• 30-40% higher capacity than standard nickel-cadmium. Nickel-metal-hydride has potential for yet higher energy densities.

• Less prone to memory than nickel-cadmium - fewer exercise cycles are required.

• Simple storage and transportation - transport is not subject to regulatory control.

• Environmentally friendly - contains only mild toxins; profitable for recycling.


• Limited service life - the performance starts to deteriorate after 200-300 cycles if repeatedly deeply cycled.

• Relatively short storage of three years. Cool temperature and a partial charge slows aging down.

• Limited discharge current - although nickel-metal-hydride is capable of delivering high discharge currents, heavy load reduces the battery's cycle life.

• More complex charge algorithm needed - nickel-metal-hydride generates more heat during charge and requires slightly longer charge times than nickel8 cadmium. Trickle charge settings are critical because the battery cannot absorb overcharge.

• High self-discharge - typically 50% higher than nickel-cadmium.

• Performance degrades if stored at elevated temperatures - nickel-metal hydride should be stored in a cool place at 40% state-of-charge.

• High maintenance - nickel-metal hydride requires regular full discharge to prevent crystalline formation. nickel-cadmium should be exercised once a month, nickel-metal-hydride once in every 3 months [5].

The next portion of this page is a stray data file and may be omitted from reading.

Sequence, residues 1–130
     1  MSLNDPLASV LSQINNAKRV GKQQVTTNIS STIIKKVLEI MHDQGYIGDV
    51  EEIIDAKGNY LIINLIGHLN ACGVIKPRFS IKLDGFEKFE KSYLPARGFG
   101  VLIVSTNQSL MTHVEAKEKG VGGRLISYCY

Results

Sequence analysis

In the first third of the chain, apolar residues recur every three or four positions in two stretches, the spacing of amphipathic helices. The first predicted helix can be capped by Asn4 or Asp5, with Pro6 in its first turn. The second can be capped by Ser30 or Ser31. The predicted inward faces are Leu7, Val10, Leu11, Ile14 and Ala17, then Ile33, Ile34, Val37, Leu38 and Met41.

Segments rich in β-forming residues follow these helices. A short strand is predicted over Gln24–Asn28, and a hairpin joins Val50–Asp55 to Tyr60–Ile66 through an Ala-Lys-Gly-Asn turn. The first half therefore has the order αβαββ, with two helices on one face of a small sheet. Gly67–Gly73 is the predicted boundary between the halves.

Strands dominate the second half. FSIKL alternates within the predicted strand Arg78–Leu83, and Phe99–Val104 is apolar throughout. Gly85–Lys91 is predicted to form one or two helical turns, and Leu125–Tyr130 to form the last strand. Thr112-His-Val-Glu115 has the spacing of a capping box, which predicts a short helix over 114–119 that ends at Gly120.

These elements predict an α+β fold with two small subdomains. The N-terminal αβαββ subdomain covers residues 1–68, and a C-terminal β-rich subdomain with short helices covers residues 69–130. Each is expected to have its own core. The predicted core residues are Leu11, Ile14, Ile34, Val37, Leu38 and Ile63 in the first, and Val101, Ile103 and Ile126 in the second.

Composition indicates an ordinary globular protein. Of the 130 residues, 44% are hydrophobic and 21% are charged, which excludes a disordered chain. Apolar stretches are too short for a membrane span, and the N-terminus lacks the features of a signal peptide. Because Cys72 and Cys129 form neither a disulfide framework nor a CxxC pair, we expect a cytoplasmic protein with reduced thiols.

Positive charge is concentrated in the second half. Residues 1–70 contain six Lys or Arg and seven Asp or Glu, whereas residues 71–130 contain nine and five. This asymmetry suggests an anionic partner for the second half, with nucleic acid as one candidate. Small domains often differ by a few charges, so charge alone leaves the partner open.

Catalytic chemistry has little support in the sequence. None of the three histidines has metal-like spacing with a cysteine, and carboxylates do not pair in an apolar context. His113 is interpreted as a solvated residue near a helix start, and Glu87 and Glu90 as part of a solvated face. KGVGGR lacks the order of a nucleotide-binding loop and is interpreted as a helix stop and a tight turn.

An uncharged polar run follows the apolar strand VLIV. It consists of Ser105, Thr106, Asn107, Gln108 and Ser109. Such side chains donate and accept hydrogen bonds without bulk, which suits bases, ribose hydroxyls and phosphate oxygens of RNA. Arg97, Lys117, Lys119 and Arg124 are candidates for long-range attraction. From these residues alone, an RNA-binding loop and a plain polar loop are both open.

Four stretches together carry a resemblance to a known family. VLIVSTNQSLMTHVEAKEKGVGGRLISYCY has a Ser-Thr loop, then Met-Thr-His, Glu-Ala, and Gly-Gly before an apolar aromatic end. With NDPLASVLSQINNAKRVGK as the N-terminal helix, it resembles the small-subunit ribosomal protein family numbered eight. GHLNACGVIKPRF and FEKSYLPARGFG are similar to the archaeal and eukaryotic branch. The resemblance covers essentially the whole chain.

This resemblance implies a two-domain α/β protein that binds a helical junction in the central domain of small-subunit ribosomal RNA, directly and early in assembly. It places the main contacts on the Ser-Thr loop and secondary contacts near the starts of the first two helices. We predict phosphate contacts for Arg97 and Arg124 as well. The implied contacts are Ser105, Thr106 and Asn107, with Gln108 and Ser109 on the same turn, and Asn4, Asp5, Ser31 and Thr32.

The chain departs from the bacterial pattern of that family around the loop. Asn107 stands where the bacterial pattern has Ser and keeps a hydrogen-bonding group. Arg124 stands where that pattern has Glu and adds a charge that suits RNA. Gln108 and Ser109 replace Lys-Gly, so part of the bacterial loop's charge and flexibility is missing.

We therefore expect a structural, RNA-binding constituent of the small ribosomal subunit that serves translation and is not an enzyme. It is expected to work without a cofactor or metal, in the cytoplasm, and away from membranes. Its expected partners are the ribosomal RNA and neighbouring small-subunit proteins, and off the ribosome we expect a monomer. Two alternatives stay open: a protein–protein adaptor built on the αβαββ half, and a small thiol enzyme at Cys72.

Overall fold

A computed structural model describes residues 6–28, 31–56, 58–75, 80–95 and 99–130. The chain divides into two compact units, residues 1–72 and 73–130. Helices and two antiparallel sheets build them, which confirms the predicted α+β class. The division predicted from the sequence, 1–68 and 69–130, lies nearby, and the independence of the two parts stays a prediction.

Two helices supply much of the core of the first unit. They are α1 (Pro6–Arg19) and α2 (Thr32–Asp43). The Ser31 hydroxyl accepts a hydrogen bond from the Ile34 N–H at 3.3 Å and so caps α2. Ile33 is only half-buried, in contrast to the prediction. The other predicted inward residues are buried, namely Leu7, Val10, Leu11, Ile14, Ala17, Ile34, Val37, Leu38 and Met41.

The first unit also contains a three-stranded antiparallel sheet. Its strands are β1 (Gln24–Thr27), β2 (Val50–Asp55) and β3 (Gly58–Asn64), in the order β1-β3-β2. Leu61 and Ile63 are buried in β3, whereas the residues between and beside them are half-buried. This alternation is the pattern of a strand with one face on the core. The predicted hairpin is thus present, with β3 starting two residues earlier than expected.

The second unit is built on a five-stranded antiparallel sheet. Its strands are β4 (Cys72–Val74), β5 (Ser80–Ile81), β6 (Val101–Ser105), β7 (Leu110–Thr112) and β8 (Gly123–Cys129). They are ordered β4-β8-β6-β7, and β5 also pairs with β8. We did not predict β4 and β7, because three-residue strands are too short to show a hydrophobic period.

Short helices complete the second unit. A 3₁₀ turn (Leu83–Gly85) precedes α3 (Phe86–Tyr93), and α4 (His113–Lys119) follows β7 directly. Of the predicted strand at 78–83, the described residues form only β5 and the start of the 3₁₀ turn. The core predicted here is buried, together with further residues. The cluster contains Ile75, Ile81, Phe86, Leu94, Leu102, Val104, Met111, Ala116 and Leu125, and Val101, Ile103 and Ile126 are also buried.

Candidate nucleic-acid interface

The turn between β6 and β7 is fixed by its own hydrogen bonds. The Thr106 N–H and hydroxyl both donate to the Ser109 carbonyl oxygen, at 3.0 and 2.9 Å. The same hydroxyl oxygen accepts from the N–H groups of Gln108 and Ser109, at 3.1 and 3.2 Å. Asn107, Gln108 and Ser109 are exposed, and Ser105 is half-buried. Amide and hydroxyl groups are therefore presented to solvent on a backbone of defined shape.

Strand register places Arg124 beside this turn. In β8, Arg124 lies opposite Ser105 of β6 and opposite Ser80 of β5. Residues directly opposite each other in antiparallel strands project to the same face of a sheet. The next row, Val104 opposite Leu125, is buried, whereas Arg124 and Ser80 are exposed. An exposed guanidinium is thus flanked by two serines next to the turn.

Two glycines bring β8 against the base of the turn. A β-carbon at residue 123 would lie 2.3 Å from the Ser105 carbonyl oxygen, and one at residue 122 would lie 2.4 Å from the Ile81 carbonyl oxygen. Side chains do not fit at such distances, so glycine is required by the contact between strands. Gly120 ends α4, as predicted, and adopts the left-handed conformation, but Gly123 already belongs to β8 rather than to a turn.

2. Basic Operation of Ni-MH

The basics of the nickel hydrogen battery (Ni-MH cell) are based on its ability to absorb, release and transfer hydrogen between the electrodes. The success of NiMH technology comes from their rare earth metal alloys used in the negative electrode, which contributes to larger volume available for the positive electrode. This is the primary reason for higher capacity and longer service life over competing technologies. Ni-MH battery is an alkaline battery and it has an aqueous electrolyte (potassium hydroxide, KOH). Rechargeable alkaline batteries are dominant in the market for several technical reasons, such as high electrolyte conductivity (good for high power applications), operation over a wide range of temperature and higher energy density, which results in lower cost per watt-hour. The electrolyte has a very high conductivity, due to its aqueous solution, and it doesn’t take part in the process to any significant extent. The concentration of the electrolyte remains rather constant over the charge and discharge process. Due to this the resistance of the cell also remains almost constant over the SOC range. This leads to a battery with high power performance and long cycle life. The NiMH cells active materials are made of metal alloys or metallic oxides that are good conductors in a charged state. The nickel oxide hydroxide electrode exchanges a proton only in the charge-discharge process and the electron transfer is very quick. This corresponds to a high power capacity. The small change in size of the electrode during charge and discharge also results in greater mechanical stability and therefore longer cycle life [6].

3. Battery Model

The model in this thesis is decided to be similar for both Li-ion and for Ni-MH but with different values of the components. This is possible due to that this model models the most relevant features of the batteries such as diffusion and polarization. It is also assumed that the state of charge should be held between 20% and 80% where these batteries are quite linear. Figure 1 and Figure 2 illustrates the equivalent circuit of the model.